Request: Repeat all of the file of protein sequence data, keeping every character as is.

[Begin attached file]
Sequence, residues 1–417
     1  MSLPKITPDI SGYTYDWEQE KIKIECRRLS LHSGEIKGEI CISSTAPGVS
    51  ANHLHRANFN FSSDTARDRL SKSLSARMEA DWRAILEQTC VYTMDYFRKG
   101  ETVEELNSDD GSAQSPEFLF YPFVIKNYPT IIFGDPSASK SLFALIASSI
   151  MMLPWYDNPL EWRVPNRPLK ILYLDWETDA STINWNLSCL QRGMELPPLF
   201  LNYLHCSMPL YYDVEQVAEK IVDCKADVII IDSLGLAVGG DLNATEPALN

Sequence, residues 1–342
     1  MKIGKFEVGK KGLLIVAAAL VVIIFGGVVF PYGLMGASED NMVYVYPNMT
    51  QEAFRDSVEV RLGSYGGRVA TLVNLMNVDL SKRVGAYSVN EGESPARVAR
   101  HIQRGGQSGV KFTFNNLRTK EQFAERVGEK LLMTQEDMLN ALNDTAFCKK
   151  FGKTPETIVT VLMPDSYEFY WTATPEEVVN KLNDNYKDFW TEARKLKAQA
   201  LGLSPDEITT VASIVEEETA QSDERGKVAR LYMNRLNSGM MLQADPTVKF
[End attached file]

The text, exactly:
Sequence, residues 1–417
     1  MSLPKITPDI SGYTYDWEQE KIKIECRRLS LHSGEIKGEI CISSTAPGVS
    51  ANHLHRANFN FSSDTARDRL SKSLSARMEA DWRAILEQTC VYTMDYFRKG
   101  ETVEELNSDD GSAQSPEFLF YPFVIKNYPT IIFGDPSASK SLFALIASSI
   151  MMLPWYDNPL EWRVPNRPLK ILYLDWETDA STINWNLSCL QRGMELPPLF
   201  LNYLHCSMPL YYDVEQVAEK IVDCKADVII IDSLGLAVGG DLNATEPALN

Sequence, residues 1–342
     1  MKIGKFEVGK KGLLIVAAAL VVIIFGGVVF PYGLMGASED NMVYVYPNMT
    51  QEAFRDSVEV RLGSYGGRVA TLVNLMNVDL SKRVGAYSVN EGESPARVAR
   101  HIQRGGQSGV KFTFNNLRTK EQFAERVGEK LLMTQEDMLN ALNDTAFCKK
   151  FGKTPETIVT VLMPDSYEFY WTATPEEVVN KLNDNYKDFW TEARKLKAQA
   201  LGLSPDEITT VASIVEEETA QSDERGKVAR LYMNRLNSGM MLQADPTVKF